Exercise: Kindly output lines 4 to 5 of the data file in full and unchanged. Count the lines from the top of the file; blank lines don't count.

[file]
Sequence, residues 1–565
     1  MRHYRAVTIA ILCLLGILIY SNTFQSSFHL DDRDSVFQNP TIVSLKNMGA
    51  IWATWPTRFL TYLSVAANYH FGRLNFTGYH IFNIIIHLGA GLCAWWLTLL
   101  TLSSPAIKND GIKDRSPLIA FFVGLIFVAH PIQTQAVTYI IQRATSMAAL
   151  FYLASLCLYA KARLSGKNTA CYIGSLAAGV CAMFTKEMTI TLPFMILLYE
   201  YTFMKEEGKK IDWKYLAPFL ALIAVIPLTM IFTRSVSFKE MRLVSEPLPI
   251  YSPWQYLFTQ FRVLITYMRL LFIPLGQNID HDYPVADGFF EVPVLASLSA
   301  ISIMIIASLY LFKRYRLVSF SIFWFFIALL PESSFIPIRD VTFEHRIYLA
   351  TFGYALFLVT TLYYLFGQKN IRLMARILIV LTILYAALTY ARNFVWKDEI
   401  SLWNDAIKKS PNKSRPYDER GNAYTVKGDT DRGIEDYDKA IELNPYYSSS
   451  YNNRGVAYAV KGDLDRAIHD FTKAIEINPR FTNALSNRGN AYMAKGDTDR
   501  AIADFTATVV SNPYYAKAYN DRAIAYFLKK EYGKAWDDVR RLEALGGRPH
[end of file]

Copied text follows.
   101  TLSSPAIKND GIKDRSPLIA FFVGLIFVAH PIQTQAVTYI IQRATSMAAL
   151  FYLASLCLYA KARLSGKNTA CYIGSLAAGV CAMFTKEMTI TLPFMILLYE